Day after day, politicians and regular citizens look for the next big economic threat. We had the crash of the Internet bubble, Enron trading debacle, and of course the mortgage crisis. So whats next?
Experts are saying the next big crisis is coming in the form of student loan debt. The amount of outstanding student loan debt has skyrocketed to $870 billion dollars, greater then the amount of credit card and auto loan debt in the country. And according to the Federal Reserve Bank, the amount of debt keeps going up month. In a resent meeting of the National association of consumer bankruptcy attorneys, it was characterized as a “student loan debt bomb” and “Americas next economic crisis”.
On March 20th before a US judiciary hearing, the Illinois Attorney General said that student debt was a large and growing threat to our economy. AG Madigan has recently used the power of her office to sue Westwood College, one of the many for-profit colleges operating in the country, for misleading students on the value of their degree. She sited massive current and former student backlash to the college’s marketing programs. Westwood disputed the validity of the Madigan’s case.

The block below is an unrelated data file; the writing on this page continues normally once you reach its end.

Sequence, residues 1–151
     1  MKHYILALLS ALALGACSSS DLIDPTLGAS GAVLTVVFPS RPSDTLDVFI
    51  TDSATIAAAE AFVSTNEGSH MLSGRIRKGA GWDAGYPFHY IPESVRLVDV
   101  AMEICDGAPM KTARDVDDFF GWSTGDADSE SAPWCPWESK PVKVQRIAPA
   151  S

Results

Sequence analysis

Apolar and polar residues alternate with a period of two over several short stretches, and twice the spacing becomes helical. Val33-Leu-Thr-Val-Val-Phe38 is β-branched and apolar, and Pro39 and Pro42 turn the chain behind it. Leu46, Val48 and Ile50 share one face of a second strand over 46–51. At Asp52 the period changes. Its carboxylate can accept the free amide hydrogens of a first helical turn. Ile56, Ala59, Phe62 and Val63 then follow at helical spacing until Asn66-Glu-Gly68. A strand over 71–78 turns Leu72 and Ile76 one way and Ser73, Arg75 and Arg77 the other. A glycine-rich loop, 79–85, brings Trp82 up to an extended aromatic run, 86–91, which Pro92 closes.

Unlike standard loans, private student loans are far less regulated and carry variable or extremely high interest rates with little protection for the borrower. At the same time, these loans are being masked behind more regulated government student loans, purposely confusing the consumer.
Dick Durbin, also from Illinois, has put for the Fairness for Struggling Students Act, which would add additional regulations to private lending, would also allow these loans to be removed during bankruptcy, something that is not possible under current law.
Several of the private lending institutions have shot back that such a law would hurt students by increasing their interest rates even further or reducing the amount of money available for prospective students.